Temporomandibular joint disorders (called TMD or TMJ) are notoriously hard to diagnose. Many people with TMD go years seeking a diagnosis of their condition, often receiving three or four misdiagnoses before accurately identifying the true cause of their suffering. Some misdiagnoses are common because of overlapping symptoms.
Of course, another significant problem with TMD is that it rarely exists in isolation. Most people with TMD experience multiple conditions that complicate their treatment and increase their suffering. These chronic overlapping pain conditions (COPC) are best treated with an interdisciplinary team including a dentist.
At Firouzian Dentistry, Columbus, OH neuromuscular dentist Dr. Mike Firouzian can help patients get an accurate diagnosis and effective, nonsurgical treatment for their condition. Please call (614) 848-5001 today for an appointment.
Because of shared symptoms, TMD is commonly misdiagnosed as other conditions. Some of the more common misdiagnoses we see include:
- Meniere’s disease
- Sinus infection
- Ernest syndrome
- Ganglion cyst
- Trigeminal neuralgia
- Lyme disease
All of these are real conditions that need to be properly diagnosed and treated, but if you’re not responding to recommended treatments, you might be misdiagnosed.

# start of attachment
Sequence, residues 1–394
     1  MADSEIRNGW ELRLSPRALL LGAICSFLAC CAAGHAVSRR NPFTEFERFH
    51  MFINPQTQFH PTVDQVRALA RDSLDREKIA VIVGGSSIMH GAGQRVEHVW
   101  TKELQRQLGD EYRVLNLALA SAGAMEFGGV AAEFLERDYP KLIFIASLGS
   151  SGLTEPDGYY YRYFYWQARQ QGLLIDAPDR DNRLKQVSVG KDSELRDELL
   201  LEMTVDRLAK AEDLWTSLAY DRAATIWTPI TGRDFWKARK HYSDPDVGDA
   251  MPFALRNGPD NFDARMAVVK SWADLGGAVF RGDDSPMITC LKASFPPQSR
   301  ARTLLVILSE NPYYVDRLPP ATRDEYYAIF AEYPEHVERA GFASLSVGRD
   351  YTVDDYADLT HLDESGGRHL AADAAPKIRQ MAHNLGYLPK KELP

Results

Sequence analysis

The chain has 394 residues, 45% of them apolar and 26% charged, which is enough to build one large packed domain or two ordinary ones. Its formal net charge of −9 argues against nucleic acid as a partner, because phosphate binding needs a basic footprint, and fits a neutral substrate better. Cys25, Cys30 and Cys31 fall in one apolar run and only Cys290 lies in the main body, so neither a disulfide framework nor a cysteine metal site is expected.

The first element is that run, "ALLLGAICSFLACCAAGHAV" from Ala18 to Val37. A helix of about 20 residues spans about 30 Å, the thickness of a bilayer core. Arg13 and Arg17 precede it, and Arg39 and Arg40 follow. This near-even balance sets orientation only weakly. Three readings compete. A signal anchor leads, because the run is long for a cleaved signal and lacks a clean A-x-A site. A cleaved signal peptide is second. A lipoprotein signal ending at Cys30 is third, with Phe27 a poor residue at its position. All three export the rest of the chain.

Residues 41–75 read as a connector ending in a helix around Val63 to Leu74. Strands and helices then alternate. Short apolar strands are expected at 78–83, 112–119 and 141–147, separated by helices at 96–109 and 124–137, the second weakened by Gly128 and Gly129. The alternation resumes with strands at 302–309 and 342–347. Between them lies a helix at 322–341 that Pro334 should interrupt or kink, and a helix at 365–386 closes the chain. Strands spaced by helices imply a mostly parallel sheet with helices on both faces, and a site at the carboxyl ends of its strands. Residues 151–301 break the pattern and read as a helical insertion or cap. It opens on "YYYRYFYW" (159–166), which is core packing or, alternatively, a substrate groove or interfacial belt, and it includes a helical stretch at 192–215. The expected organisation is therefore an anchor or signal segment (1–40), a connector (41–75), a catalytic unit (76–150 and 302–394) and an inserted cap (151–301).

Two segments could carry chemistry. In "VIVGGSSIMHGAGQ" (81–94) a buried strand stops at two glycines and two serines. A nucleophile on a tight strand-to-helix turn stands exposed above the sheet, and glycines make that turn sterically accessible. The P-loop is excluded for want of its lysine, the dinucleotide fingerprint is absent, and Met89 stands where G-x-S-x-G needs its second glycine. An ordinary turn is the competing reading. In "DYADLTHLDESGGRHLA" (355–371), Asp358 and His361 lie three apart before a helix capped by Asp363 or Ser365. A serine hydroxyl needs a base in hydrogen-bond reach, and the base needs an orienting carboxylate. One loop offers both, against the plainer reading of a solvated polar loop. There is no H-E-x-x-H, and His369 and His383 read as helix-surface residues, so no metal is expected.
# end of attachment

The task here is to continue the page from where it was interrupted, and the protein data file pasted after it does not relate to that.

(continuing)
Meniere’s disease is an ear disorder that often triggers vertigo, tinnitus, ear fullness, and hearing loss. TMD can also cause these symptoms, but is distinct with the addition of jaw-related symptoms, facial pain, and headaches.
It might seem incredible, but sometimes doctors misdiagnose TMD-related facial pain as sinusitis. In fact, some people think they have recurring sinus infections, when what they’re actually experiencing is periodic TMD flare ups.
This is an injury to one of the ligaments near the temporomandibular joint. Ernest syndrome is very similar to TMD, but it tends to be more temporary and less recurrent. It takes detailed measurements to differentiate the two conditions.
Ganglion cysts are fluid-filled lumps near your joints. These usually occur on your hands or feet, but they can appear on your jaw joints, too. These mostly cause jaw pain, and can be distinguished by finding the cyst, which ranges from pea-sized to an inch in diameter.
Trigeminal neuralgia is when branches of the trigeminal nerve send pain signals to the brain. The pain is severe, sharp, and typically caused by any touch to the face outside the mouth. It can also cause pain with jaw motion. Treatments for trigeminal neuralgia can be serious and may have complications, so it’s important to get a second opinion whenever you get this diagnosis. Facial pain with an uncertain cause is often lumped into this category, but careful diagnosis can distinguish them.
Lyme disease is a tick-borne illness that affects your joints, including the jaw joints. Columbus is in a relatively low-risk area for Lyme disease, but if you travelled to the Eastern Seaboard, Wisconsin, or Minnesota, your risk is higher. People who get Lyme disease often develop the characteristic “bullseye” rash, but it’s easy to miss that, depending on the location of the bite. More helpful is the onset of fever-like symptoms, which come with Lyme disease. Lyme disease also tends to affect more than just the jaw joint.